310.15(B)(3)(a) says:

"A neutral conductor that carries only the unbalanced current from other conductors of the same circuit shall not be required to be counted when applying the provisions of 310.15(B)(3)(a)"

This means that when we have a neutral that is not part of a 2 wire circuit, that we do not need to count the neutral. This would apply mostly to ac circuits for PV systems or perhaps a bipolar circuit where all of the conductors of both monopole subarrays are in the same raceway.

The footnote under table 310.15(B)(3)(a) that refers to circuits that are not simultaneously energized, would apply to circuits where either one circuit is energized or the other. If we have a backup generator and a double throw switch with 2 sets of conductors in the same raceway, then as with a double throw switch, either one set or another set of conductors will be energized, but not both at once. We should not have to count both sets of conductors as generating heat, of only one at a time would be energized.

Sean White

9 days until the NABCEP Exam Date! Advice

Posted on 7 April, 2016 at 23:27 Comments comments (142)

9 days until exam date!!

Now is the time to dive into the exam questions that we have here and to not procrastinate. The NABCEP PVIP Exam is famously difficult, which is why NABCEP Certificates are known as being the top of the field. Pass this exam and your salary will triple in 3 years, guaranteed! (It happened to me).

I recommend not getting overly concerned with anything obscure and especially not searching for answers on facebook.

Seriously, the best practice now is going over the practice questions here and the practice questions that go with the book and the detailed video answers to the questions.

This is not the exam that you will cram for the weekend before and pass, unless you were already ready before that weekend.


Sean White

Why we use cell temperature instead of ambient temperature when calculating the short PV string size

Posted on 7 April, 2016 at 22:56 Comments comments (355)


On Question 51 can you explain why we use the high cell temperature over the high ambient temperature?


When we are determining voltage, what is important is how hot or cold the solar cell is, not how hot or cold it is outside. That is why airflow leads to better production. BIPV has less airflow than a rooftop, which has less airflow than a ground mount, which has less airflow than a pole mount. The more airflow, the better the cooling, the better the voltage, power, energy and return on investment!

On of the misleading things about PV is that it is sold by its rating at Standard Test Conditions, which is 25C cell temperature, 1000W/square meter and 1.5 Air Mass spectrum of light. For STC, it does not matter what the wind speed would be, because the test condition calls for a 25C cell temperature. This test is misleading, because when there is 1000W/square meter irradiance, it is probable that the cell temperature will be considerably hotter than 25C, even if the ambient temperature was 20C. This is why we have other testing conditions, such as Performance Test Conditions (PTC), which is 20C ambient temperature, 1 meter per second wind speed, 1000W per square meter irradiance and 1.5 Air Mass spectrum of light. Also, California Energy Commission (CEC) test conditions is the same conditions as PTC, however the conditions are determined differently, so the results are slightly different.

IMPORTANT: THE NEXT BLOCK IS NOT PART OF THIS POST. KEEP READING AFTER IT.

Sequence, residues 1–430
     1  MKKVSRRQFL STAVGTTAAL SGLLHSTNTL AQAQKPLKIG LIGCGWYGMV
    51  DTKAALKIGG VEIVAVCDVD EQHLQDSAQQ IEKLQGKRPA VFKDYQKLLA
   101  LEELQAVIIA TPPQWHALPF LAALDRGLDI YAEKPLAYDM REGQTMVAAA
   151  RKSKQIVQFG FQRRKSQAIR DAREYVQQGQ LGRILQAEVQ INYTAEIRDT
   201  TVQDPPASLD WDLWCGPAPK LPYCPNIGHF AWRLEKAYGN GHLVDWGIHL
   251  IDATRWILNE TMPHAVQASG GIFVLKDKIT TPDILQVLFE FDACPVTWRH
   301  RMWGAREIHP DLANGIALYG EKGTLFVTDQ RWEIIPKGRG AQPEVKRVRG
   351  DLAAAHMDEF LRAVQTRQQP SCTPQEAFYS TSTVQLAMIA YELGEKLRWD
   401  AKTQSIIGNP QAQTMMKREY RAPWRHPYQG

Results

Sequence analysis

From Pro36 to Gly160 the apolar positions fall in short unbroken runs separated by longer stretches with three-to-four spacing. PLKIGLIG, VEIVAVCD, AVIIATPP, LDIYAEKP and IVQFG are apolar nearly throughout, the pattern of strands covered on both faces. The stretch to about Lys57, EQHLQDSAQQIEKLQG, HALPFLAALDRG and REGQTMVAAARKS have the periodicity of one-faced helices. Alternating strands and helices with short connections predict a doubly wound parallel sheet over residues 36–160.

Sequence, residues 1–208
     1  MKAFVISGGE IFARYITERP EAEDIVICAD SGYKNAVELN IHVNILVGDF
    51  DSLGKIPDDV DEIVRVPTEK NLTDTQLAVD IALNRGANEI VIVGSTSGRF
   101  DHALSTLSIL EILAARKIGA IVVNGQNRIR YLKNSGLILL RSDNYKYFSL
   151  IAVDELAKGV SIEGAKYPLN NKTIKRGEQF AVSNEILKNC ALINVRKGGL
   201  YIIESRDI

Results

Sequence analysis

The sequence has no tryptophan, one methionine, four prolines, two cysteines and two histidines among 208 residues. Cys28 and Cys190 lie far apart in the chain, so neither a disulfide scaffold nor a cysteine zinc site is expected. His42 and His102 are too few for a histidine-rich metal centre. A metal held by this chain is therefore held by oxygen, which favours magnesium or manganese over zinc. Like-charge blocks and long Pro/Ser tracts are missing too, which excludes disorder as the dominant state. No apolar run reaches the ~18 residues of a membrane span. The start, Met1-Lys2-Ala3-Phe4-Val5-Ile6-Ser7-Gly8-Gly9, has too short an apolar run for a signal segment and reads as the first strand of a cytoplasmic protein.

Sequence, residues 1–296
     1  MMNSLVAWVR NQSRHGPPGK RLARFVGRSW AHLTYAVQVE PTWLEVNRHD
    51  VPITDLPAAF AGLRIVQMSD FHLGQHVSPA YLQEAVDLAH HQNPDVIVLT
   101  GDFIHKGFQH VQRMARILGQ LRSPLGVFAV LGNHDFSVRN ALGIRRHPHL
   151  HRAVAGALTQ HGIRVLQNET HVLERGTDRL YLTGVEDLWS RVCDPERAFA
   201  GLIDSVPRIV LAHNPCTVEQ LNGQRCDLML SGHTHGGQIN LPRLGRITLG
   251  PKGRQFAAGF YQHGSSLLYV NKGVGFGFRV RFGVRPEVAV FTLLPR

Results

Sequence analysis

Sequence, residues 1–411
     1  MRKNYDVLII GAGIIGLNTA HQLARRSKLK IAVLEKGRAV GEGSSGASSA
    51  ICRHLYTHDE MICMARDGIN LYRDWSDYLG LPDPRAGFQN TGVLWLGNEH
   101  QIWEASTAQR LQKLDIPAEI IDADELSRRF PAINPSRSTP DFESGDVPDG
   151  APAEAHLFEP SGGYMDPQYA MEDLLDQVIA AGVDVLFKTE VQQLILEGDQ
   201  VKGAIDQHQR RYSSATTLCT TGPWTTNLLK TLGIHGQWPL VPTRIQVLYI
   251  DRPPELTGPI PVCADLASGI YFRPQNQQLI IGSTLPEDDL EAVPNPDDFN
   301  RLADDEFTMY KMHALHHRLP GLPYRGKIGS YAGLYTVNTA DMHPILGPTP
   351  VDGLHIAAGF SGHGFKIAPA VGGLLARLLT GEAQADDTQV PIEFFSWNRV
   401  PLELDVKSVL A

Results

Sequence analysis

PTC is always less than STC, because at 20C ambient, the solar cells will always heat up more than 25C cell temperature. Often the increase in temperature is about 30C for a quick estimate, so expect your solar cells to be about 55C at PTC with the ambient temperature at 20C.

To convert to F from C take

25C x 9 = 225

225 / 5 = 45

45 + 32 = 77F

In other words...

9/5 x C + 32 = F

To go from F to C

68F - 32 = 36

36 x 5 = 180

180/9 = 20C

In other words...

(F - 32) x 5/9 = C

In other words 1.8 change in F is 1 change in C and 32F = 0C

The reason we use ambient for the cold temperature instead of cell temperature is to be on the safe side and that when it is super cold, often it is windy without direct sunlight. We are just expecting ambient temperature to possibly be cell temperature when it is super darn cold.

Why do they use 25C for STC if it is misleading and makes our PV look better than it really is over time? Because that is probably the temperature of an average solar warehouse and it makes the PV sound better. If they originally made STC 55C, then they would have to heat up the testing area to sauna temperatures and the people at the solar factory would quit their jobs.

Thanks for the good question!!

Sean White

690.8(B) Breaker Sizing

Posted on 3 April, 2016 at 21:28 Comments comments (191)


regarding question 6 explanation. I understand how you arrived at the 20 A breaker for the 100 A busbar. I am not familiar why you then took the 20 A breaker divided by 1.2 to arrive at 16 A.


A breaker has to be sized based on 125% of the current of the device (and then round up). This comes from 690.9(B) of the NEC, which states:

"Overcurrent device ratings shall be not less than 125 percent of the maximum currents calculated in 690.8(A)"

This is usual throughout the NEC for other equipment that is not solar.

This means that if we are starting with the maximum breaker size, we can divide the breaker by 1.25 to get the maximum inverter size for the breaker (simple algebra).

Another shortcut is instead of dividing by 1.25, we can multiply by the inverse of 1.25, which is 0.8

1/1.25 = 0.8

20A x 0.8 = 16A
(this you can do in your head, since 8 x 2 is 16)

The reason the NEC wants us to not put a 20A inverter in a 20A breaker is to prevent false trips of the breaker, because in theory a 20A breaker should trip at 20A.

If you have a 20A inverter and wanted to determine the breaker size required, then:

20A x 1.25 = 25A

If you have a 25A inverter and you wanted to size the breaker:

25A x 1.25 = 31.25A

They don't make a 31.25A breaker, so you round up to a 35A breaker.

If you are over 800A you do not round up, but under 800A you do.

Sean White